Miguel Indurain was a great example of this. In terms of aerodynamics his position was considered to be pretty terrible but when they tried to put him into a more aero position his power output dropped and he wound up being much slower.

  10. AllanInPortland May 2, 2012 at 1:24 pm #

    “we also found that the front rider benefits from the draft, receiving a push from the rear rider.”
    Can you quantify the push? Bike Snob has written disapprovingly of us commute-drafters. If I could tell the draftee how much money I’m saving them compared to an aero wheelset, they might be more sympathetic to my wheel hugging. And let it be known, I always take a turn in front. It’s not my fault if they drop-off. 🙂

  11. Conrad May 2, 2012 at 2:18 pm #

    My low profile rims don’t collect much mud either. I’ve also had a completely mired bike in cyclocross races to the point that the wheels won’t turn but there still isn’t much mud on the rim itself. The fork crown and chainstay/bottom bracket area are where things get jammed up.
    The argument I have heard for deep dish cyclocross rims is that they plow through sand and deep mud better. I don’t buy it though because the tire is significantly wider than the rim and acts as the plow at all but the slowest (walking?) speeds.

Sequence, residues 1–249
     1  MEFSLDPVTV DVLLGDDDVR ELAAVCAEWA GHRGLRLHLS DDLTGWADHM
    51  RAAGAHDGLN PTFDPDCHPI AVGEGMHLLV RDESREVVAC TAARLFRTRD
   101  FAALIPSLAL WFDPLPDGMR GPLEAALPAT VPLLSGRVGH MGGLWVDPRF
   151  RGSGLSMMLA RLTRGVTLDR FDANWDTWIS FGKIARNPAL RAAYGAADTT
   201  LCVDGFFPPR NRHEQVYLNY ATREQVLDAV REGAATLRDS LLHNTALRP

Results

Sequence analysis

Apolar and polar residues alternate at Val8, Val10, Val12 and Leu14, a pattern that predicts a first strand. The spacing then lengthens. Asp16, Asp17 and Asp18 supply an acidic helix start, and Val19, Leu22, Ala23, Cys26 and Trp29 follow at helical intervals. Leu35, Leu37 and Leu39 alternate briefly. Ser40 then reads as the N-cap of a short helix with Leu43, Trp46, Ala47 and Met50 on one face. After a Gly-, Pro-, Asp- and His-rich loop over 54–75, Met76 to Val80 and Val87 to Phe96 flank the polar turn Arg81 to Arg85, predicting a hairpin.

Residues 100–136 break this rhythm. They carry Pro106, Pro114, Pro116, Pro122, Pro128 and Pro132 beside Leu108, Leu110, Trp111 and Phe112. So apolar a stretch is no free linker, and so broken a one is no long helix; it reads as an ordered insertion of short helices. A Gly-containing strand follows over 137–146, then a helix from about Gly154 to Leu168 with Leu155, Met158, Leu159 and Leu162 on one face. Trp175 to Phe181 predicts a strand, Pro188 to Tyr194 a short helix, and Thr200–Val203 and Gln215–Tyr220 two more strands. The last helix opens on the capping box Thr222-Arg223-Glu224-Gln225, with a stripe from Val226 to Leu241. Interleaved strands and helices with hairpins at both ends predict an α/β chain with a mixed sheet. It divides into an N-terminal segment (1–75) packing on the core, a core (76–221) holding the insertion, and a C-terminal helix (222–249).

12. Andy May 2, 2012 at 5:55 pm #

    38% less resistance in an aero tuck is quite an impressive number. Was this position one that you could still ride in though? At some point, your loss of efficiency from being in an awkward knee-in-chest position loses out over the aero benefits, and it surely looks like you’d induce Shermer’s neck if you tried to ride that way for any length of time. Even TT racing bikes look rather uncomfortable, but I guess that is worth it for short intense efforts.
    Was there any testing done about spoke number and types? My miles are split between race wheels with 20/24 bladed spokes and “touring” wheels with 36 regular spokes and I feel like there is a decent difference, but maybe that’s placebo. If there is a difference, and if there was a dynamo hub that accepted bladed spokes, that may be a very efficient setup for rando rides.

    • Jan Heine, Editor, Bicycle Quarterly May 2, 2012 at 8:46 pm #

      You cannot pedal in the full aero tuck. But when you are going downhill, you eventually get to a speed (for me around 30 mph), where the reduced resistance from tucking has greater benefits than pedaling at the highest power output you can muster.